Sommeliers often put their personal wine preferences aside when making recommendations to guests to ensure they’re getting exactly what they are looking for. Despite this zero-judgment approach during service, sommeliers still keep their fingers on the pulse of an industry that’s always in flux, including the buzzy bottles and classic standbys that seem to be getting too much praise.

With that in mind, we polled experts from Boston to Tijuana to discover the wine trends and styles the pros are just plain tired of. From fashionable natty wines that may have run their course to overhyped grapes and practices, the somms did not hold back, and some of their takes are unquestionably spicy.

The Most Overrated Wines, According to Sommeliers:

  • Pale pink rosé
  • Sancerre
  • Big Champagne brands
  • Cabernet Sauvignon
  • Prosecco
  • Big, bold, over-oaked wine
  • Natural wines
  • Napa Valley Cabs
  • Pinot Grigio
  • Wines priced unethically by producers
  • Orange wine

“I’m growing tired of seeing pale pink rosé reign supreme. Let’s get some color in the glass and some punch on the palate! A deeper rosé has more versatility and develops better in the glass.” —Bethany Caliaro, partner and beverage director, Gift Horse and Oberlin, Providence, R.I.

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“Sancerre, but I blame the grape itself. I feel like it became popular as an ‘at least it’s not California Chardonnay’ option at weddings. Sauvignon Blanc gives you a big — but not that enjoyable — bouquet and only tastes like out-of-season citrus. While it pairs well with food, I’m extremely bored when it’s [served as] a pairing on a tasting menu.” —Drew Delaughter, co-owner, Saint-Germain, New Orleans

“Sancerre is far and away the most overrated wine order that I hear every single night. While there definitely is some good juice coming from the appellation, the majority of farming and wine in general in Sancerre is very poor, and whichever lobbyist or marketing executive is responsible for making it such a ubiquitous order is laughing all the way to the bank. If you want Sauvignon Blanc, you proverbially don’t need to travel that far — stay in the Loire, but just go to Touraine or Pouilly-Fumé instead!” —Cody Pruitt, managing partner & beverage director, Libertine, NYC

“Probably big Champagne houses. If you’re gonna drink bubbles, look for smaller independent Champagne winemakers, or winemakers in Spain within the Corpinnat territory, like Recaredo, that are redefining what Cava is.” —Thibault Dubreuil, sommelier, Eli’s Table, NYC

“When it comes to red wines, one of the most overrated and oversubscribed grapes is Cabernet Sauvignon. Don’t get us wrong, Cabernet Sauvignon is like a beautiful muscle car packing a lot of vroom, so there is no way to go wrong with it! But there are plenty of other zippy, racecar-type red wines that will outmaneuver the muscle of Cabernet Sauvignon at the tight corners. [One is] Grenache, which has a perfume of black cherry compote with sprinkles of anise. Then, there is Gamay, which can smell like hand-crushed summer strawberries with undertones of dried autumn foliage depending on the winemaking method. If you really want to go off the beaten path, you can go closer to Switzerland in the French region of Jura where you will find Trousseau, which has a bouquet similar to violets with hints of smoke.” —Forough Vakili, chef, sommelier and founder, Le Bon Nosh, Atlanta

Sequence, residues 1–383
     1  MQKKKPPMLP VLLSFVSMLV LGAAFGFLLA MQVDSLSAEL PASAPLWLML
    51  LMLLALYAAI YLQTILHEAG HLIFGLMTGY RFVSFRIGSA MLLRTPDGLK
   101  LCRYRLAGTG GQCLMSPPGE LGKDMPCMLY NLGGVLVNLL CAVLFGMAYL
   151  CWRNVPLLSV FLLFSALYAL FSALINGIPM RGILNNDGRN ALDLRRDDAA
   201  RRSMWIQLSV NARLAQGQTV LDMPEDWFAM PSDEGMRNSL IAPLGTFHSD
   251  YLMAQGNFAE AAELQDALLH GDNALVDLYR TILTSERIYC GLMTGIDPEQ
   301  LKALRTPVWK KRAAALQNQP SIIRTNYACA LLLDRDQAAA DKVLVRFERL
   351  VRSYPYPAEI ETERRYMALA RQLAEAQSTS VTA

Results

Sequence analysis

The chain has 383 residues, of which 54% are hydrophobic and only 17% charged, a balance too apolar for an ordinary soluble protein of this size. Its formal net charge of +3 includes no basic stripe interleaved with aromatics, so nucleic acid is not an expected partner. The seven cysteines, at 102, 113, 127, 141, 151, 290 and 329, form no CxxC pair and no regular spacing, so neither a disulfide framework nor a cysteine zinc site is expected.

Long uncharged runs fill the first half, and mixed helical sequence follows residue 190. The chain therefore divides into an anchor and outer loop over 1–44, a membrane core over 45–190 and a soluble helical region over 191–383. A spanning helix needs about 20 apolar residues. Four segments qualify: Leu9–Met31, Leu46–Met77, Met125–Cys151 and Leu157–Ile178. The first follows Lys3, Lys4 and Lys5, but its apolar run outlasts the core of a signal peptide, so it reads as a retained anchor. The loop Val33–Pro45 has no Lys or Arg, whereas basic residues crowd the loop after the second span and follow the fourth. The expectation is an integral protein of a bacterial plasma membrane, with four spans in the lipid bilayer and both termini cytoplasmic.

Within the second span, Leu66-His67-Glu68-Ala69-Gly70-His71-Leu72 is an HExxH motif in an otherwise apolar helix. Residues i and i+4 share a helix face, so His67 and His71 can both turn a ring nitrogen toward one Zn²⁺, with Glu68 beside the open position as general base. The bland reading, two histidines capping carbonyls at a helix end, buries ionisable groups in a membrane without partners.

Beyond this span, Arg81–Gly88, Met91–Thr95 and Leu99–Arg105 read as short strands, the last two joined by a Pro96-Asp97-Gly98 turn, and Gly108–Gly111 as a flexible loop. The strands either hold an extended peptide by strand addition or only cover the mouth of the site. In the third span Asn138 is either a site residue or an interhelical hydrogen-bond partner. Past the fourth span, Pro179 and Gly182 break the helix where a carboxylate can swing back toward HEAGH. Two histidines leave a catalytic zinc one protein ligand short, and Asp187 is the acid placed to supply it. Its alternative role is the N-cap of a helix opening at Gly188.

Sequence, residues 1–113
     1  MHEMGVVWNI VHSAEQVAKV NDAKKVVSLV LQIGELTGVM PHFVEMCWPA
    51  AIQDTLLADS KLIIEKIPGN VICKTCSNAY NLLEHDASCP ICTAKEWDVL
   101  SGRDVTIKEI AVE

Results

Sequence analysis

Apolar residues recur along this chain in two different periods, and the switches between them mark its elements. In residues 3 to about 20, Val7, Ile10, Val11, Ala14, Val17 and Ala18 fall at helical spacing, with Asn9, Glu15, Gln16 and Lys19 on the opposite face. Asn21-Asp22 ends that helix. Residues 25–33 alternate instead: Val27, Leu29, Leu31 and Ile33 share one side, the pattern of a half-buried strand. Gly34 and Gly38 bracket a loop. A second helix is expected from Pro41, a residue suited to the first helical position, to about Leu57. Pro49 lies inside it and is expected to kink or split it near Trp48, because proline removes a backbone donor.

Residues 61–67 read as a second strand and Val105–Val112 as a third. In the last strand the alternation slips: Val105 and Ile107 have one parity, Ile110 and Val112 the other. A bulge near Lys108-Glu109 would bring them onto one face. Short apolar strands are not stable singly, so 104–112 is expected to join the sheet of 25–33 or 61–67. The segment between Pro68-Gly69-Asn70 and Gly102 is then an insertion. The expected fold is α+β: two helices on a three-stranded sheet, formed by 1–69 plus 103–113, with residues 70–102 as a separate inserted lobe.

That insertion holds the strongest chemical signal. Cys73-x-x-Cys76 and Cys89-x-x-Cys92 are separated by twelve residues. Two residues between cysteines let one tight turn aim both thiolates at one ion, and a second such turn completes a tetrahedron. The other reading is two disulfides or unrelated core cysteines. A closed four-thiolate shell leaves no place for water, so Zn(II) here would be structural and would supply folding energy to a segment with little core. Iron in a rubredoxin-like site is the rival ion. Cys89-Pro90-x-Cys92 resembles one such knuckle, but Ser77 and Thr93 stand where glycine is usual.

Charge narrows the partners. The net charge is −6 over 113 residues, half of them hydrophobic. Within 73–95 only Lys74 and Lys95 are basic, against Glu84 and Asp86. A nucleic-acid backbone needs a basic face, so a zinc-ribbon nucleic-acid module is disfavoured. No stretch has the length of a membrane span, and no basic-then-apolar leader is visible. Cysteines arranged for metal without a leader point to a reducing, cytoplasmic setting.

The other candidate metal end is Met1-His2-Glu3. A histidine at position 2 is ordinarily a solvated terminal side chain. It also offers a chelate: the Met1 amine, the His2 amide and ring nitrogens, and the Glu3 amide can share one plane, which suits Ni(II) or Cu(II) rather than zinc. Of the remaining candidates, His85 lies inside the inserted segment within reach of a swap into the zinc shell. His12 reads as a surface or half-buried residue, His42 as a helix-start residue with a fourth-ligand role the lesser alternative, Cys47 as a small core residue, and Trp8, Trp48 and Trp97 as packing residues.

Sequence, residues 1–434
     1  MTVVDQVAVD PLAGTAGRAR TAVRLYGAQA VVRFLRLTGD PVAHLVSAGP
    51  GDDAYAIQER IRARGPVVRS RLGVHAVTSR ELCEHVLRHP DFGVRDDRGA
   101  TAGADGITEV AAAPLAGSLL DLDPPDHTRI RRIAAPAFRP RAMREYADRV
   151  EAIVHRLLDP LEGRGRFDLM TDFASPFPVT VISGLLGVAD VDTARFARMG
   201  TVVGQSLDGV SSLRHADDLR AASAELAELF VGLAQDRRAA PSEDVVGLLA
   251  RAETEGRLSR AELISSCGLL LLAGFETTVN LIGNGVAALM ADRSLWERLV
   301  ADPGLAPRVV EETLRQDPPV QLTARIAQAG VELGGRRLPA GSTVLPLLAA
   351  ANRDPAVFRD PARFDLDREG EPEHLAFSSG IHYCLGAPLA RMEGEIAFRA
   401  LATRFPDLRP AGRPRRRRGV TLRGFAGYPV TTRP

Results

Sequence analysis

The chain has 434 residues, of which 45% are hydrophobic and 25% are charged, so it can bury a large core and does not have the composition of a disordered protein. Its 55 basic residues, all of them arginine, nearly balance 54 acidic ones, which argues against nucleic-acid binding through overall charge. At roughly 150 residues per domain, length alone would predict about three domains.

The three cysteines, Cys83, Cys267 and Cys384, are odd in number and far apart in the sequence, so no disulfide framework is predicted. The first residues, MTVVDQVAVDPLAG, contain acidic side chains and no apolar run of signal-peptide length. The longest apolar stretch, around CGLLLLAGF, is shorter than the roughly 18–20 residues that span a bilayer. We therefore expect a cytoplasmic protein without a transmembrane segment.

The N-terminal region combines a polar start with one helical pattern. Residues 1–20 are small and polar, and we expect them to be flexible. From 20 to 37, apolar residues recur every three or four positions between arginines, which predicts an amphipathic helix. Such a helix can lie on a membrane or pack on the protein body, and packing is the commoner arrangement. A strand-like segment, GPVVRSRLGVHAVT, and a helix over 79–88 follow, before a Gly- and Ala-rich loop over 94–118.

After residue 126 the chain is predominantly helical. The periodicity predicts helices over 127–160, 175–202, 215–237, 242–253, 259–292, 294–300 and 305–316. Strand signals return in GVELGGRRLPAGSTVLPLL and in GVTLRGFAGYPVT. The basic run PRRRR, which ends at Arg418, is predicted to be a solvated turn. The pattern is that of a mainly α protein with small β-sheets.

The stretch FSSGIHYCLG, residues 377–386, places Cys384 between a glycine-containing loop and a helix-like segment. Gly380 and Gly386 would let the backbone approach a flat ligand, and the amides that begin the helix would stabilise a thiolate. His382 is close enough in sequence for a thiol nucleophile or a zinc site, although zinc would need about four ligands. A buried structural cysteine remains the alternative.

Prosecco. It is not that bubbly, not that aromatic, and not that interesting. There are many other reasonably priced sparkling wines that are much better out in the market.” —Benjamin Oram, sommelier, Rochambeau, Boston

“I believe that one of the most overrated styles of wine continues to be the big, bold, over-oaked high-alcohol wines with overripe fruit and intense extraction. They all taste the same and there is nothing interesting about them. I cannot comprehend how people can enjoy these wines at the beach or during hot summer days. I do think that people are still buying this style [from] well-positioned brands. Also, most people are overwhelmed with the many options for wine in the world and they lack guidance. The language of wine can be very exclusive, so people buy based on what they know or recognize.” —Romina Mendoza, sommelier and co-founder, Cavalier Wine Society, Tijuana, Baja California, México

Natural wine does not equal quality wine! The market has been completely flooded with natural wines that sport cute labels and names but are in fact high-production and commercially made. A natural wine does not need to taste natty to be high-quality — natural wines should express their terroir just as eloquently as non-natural wines.” —Kylie Monagan, sommelier and partner, Amali, Calissa and Juniper at The Vanderbilt, NYC/Water Mill and Westbury, N.Y.

“I feel like I could get yelled at by other somms for this one, [but] I’m happy natural wines have returned to equilibrium — or at least in my world, they have. I think wines should have character, a sense of purpose and place. You can make your wines natural [like] Dutraive, Lapierre, DRC, or Château Le Puy, but those producers have a sense of style and place and understand good winemaking. To make a wine natty just to make it natty was a fun movement, but I’m glad it’s slowed in recent times.” —Matthew Brodbine, beverage director, Pasjoli, Santa Monica, Calif.

“I believe this will become an incredibly pertinent question moving forward, but more in how it relates to our legacy regions adapting to climate change. That being said, I’d similarly reference more of the value that can be found from lesser-known places. Napa Cab is a flag-bearer for a reason, but have you had the Cabernets of Happy Canyon AVA in Santa Barbara County or of Paarl in South Africa? If you like that style of wine should we not be talking about the incredible quality of Priorat? The job of the sommelier is to find wine the guest will appreciate the most based on their perspectives and not our own.” —Dan Valerino, managing partner and certified sommelier, Green Acre, and owner, Finca, San Diego